Government explains how South Africa’s new ‘internet censorship bill’ will work

Deputy minister of communications, Pinky Kekana, has reiterated that the Films and Publications Amendment Bill is not about censoring society, but is instead about rooting out the possession and distribution of child pornography.

“The bill does not concern itself with what citizens may publish on social media. However, it empowers the Film and Publication Board (FPB) to facilitate the removal of child pornography wherever it is published,” Kekana said.

Presenting the Films and Publications Amendment Bill to the National Council of Provinces (NCOP) on Wednesday, Kekana noted that from its conception, the FPB was not meant to ban any films or publication but furnish members of society with information about the nature and substance of the content they are about to consume.

“With the advent of the fourth industrial revolution, the manner in which we consume films or publications has drastically changed. Content is not viewed only via cinema or DVD anymore. It is now viewed on digital platforms via online streaming facilities [and] this has created a gap in the regulatory framework.

“Citizens, especially children, can now access content, which has not been classified and labelled. Furthermore, we have seen that games, which our citizens, children in particular, consume, need to be appropriately classified,” Kekana said.

Although the bill criminalises possession of child pornography, Kekana said this is not done out of its own accord.

“The criminalisation arises as a result of the primary legislation in so far as sexual crimes are concerned, namely the Sexual Offences Act. It therefore became necessary to align the definition of child pornography with the Sexual Offences Act.

“In that same vein, the regulation of digital platforms is the domain of the Electronic Communications and Transactions Act inter alia. This bill has to align itself to the provision of those acts,” she said.

She added that the bill tries to deal with some regulatory gaps – including the lack of effective enforcement of the provisions of the act and stemming out non-compliance amongst distributors.

‘The Censorship Bill’

Dubbed the ‘internet censorship bill’ by its critics, the bill had previously come under scrutiny from members of industry and the public over concerns that it would be used as a means of censorship for online content.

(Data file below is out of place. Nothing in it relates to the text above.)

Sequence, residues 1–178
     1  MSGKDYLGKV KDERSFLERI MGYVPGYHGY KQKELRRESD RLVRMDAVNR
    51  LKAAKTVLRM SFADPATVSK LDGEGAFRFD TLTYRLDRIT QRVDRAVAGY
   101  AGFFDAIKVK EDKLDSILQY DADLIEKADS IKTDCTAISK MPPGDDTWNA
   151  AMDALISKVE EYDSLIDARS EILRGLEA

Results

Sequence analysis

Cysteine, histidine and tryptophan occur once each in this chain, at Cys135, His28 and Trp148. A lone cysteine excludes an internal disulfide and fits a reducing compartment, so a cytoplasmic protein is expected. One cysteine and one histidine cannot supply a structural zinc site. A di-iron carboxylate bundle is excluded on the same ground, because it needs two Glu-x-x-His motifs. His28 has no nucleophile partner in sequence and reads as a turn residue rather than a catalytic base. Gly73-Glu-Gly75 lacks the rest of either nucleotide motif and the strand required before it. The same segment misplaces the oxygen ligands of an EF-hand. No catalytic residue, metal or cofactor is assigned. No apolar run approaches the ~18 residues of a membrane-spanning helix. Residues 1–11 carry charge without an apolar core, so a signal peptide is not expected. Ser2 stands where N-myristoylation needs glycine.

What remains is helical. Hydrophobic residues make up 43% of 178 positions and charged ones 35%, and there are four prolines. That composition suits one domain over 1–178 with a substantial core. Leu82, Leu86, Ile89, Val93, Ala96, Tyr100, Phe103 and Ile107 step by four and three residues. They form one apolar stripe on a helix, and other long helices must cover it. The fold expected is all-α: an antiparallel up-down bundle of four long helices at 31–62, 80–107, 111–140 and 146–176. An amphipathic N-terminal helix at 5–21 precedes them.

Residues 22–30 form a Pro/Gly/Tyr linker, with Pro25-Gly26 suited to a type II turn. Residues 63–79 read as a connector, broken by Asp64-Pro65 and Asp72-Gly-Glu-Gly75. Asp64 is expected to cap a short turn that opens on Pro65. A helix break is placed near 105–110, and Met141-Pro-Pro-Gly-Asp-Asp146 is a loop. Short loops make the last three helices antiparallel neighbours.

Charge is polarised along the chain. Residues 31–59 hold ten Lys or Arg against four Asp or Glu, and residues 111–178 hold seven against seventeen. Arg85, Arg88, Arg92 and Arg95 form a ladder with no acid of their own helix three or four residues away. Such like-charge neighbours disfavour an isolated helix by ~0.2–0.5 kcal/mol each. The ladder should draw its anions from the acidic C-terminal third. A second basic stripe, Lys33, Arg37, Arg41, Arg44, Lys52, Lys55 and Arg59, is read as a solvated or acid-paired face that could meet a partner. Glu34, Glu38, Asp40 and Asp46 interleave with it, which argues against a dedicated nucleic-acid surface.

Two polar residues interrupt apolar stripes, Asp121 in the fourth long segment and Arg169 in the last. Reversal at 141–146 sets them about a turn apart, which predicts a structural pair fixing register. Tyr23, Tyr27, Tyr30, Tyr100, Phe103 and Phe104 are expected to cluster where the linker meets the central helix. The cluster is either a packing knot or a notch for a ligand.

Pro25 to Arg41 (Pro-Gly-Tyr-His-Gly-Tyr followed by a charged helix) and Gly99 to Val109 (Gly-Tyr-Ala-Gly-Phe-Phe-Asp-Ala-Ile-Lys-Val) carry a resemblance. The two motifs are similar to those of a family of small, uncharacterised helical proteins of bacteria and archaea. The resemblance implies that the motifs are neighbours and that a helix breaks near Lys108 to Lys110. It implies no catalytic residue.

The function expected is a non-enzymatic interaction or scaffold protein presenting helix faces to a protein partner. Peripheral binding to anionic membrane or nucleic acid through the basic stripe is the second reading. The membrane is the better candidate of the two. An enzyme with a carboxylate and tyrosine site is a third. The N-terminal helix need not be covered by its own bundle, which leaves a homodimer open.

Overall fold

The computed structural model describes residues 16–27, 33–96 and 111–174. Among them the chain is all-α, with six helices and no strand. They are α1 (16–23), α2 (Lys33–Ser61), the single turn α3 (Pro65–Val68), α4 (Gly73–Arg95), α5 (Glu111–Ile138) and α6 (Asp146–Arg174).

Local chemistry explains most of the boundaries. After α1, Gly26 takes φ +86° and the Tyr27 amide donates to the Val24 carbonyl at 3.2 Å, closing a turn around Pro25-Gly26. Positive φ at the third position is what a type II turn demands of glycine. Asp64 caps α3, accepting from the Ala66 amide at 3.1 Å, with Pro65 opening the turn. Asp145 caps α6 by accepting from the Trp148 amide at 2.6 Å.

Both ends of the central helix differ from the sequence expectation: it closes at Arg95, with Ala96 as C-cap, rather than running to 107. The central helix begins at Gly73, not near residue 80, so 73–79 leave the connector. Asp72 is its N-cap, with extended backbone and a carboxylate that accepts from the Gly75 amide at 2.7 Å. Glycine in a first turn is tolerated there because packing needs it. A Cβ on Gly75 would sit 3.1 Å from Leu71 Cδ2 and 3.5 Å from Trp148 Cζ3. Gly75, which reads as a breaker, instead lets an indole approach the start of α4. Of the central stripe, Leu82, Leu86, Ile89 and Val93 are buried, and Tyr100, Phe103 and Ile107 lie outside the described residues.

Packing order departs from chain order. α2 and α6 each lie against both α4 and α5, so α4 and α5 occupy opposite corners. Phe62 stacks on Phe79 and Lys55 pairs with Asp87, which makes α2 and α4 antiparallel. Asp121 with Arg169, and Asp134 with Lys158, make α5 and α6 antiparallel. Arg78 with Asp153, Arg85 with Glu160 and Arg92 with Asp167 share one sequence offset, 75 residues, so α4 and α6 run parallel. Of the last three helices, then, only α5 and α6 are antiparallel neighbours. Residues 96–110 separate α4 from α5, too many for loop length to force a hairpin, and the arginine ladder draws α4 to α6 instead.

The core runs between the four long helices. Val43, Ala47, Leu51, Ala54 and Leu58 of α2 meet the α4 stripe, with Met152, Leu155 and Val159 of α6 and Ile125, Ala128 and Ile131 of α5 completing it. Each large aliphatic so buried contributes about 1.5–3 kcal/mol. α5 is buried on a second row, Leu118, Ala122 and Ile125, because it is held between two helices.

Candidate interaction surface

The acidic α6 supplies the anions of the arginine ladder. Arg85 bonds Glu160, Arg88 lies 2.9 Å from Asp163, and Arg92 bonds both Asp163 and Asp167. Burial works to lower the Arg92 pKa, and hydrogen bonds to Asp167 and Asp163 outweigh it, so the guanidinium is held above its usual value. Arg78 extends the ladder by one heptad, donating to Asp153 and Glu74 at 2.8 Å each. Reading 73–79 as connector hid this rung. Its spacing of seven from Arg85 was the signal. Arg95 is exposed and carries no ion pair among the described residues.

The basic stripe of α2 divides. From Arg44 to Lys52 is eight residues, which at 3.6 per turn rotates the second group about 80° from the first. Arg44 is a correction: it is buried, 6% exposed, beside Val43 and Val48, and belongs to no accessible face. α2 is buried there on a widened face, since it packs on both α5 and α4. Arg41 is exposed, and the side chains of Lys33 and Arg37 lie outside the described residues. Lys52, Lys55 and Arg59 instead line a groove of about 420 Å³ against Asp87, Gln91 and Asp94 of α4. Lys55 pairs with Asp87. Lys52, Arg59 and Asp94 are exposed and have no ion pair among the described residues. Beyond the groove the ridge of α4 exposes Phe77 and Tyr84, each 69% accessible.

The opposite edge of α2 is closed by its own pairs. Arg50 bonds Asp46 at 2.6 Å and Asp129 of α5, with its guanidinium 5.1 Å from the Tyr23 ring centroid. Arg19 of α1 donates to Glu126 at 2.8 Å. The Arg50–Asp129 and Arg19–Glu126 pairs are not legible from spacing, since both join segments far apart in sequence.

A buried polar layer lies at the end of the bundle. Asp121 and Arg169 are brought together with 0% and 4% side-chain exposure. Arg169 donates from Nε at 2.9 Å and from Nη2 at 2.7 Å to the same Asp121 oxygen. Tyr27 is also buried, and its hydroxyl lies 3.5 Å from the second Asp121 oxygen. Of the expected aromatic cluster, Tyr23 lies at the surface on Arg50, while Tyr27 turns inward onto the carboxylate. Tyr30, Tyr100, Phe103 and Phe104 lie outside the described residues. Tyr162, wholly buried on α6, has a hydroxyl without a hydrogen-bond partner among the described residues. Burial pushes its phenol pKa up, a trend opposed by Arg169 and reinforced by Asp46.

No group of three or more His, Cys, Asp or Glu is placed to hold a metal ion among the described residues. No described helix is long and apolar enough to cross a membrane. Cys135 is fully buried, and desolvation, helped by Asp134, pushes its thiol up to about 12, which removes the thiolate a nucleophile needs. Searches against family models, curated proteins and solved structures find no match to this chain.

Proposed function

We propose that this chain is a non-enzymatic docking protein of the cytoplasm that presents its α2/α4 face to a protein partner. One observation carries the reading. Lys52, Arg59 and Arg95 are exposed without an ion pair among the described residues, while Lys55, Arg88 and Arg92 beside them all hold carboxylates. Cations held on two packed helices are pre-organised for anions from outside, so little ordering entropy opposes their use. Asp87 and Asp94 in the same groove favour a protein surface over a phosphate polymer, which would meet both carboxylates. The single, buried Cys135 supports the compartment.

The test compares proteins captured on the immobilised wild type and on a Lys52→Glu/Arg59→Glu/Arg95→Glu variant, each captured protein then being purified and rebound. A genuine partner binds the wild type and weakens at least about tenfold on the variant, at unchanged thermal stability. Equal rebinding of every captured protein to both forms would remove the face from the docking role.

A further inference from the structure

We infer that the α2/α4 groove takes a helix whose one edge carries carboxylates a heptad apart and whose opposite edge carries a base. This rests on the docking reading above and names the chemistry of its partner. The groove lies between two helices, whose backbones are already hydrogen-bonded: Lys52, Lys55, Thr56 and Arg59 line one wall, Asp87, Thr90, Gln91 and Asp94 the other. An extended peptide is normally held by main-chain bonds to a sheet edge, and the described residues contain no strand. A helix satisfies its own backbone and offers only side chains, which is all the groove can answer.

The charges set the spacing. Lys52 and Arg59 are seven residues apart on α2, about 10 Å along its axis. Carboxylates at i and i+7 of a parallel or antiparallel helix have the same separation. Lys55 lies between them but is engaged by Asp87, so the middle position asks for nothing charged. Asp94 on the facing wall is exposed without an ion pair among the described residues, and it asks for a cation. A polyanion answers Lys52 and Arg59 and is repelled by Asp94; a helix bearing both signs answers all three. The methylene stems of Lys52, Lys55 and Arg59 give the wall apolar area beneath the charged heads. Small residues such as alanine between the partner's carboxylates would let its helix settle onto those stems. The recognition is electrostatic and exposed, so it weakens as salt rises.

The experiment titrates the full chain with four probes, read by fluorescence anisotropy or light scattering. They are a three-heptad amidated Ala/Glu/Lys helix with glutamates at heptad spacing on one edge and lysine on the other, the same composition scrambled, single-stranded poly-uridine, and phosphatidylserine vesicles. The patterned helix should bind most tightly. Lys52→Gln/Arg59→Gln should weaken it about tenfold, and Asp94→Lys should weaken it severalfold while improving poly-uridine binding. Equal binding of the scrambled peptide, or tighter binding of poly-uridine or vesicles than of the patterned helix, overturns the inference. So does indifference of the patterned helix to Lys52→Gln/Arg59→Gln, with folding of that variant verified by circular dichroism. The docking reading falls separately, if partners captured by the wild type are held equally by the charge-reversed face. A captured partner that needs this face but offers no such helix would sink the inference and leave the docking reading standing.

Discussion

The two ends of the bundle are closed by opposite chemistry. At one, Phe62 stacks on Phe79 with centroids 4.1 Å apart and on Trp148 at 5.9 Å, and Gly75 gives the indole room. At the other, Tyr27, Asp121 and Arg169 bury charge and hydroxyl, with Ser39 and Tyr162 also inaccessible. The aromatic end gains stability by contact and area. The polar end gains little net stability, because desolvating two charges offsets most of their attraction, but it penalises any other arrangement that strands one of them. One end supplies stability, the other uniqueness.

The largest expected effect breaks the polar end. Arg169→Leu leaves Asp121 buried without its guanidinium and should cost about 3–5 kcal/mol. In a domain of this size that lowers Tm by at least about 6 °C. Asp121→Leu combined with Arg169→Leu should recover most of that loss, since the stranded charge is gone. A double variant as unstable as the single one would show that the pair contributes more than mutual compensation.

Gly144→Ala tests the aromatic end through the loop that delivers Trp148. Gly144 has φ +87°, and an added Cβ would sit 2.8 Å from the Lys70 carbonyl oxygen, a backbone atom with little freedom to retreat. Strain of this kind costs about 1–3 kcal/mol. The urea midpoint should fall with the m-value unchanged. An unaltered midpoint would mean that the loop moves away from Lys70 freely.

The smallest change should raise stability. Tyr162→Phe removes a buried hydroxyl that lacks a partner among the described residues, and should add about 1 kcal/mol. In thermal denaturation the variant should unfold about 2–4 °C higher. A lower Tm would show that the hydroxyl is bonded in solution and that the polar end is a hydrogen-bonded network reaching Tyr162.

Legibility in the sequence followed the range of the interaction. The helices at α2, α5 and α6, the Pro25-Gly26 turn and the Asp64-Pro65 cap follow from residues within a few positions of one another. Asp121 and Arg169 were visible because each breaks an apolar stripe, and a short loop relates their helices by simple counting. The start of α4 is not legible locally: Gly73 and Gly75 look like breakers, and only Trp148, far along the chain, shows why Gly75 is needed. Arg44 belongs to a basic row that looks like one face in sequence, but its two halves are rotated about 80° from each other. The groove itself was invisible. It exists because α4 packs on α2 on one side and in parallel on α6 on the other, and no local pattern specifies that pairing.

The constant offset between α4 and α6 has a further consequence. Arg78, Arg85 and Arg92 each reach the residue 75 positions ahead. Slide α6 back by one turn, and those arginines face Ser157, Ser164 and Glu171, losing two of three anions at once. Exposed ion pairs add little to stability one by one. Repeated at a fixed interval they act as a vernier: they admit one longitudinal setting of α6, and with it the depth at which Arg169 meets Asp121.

This includes specific instances where the FPB will be allowed to regulate user-generated content (such as YouTube videos, pictures, and music), and possibly even block non-compliant online distributors at an ISP level.

Speaking to BusinessTech in March, legal expert and long time opponent of the bill, Nicholas Hall, said that it is intended to extend the powers of the FPB to allow it to properly classify content distributed through the internet.

“While technically it is not censorship, it can have the effect of censoring certain content, as seen with (the movie) Inxeba,” he said.

Hall said that the FPB now has the power to classify and potentially ban films, games and ‘other publications’.

Other publications are defined as:

  • Any newspaper, book, periodical, pamphlet, poster or other printed matter;
  • Any writing or typescript which has in any manner been duplicated;
  • Any drawing, picture, illustration or painting;
  • Any print, photograph, engraving or lithograph;
  • Any record, magnetic tape, soundtrack or any other object in or on which sound has been recorded for reproduction;
  • Computer software which is not a film;
  • The cover or packaging of a film;
  • Any figure, carving, statue or model; and
  • Any message or communication, including a visual presentation, placed on any distributed network including, but not confined to, the internet.

Read: Parliament has passed the ‘internet censorship’ bill – here’s what it means for you

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Government explains how South Africa’s new ‘internet censorship bill’ will work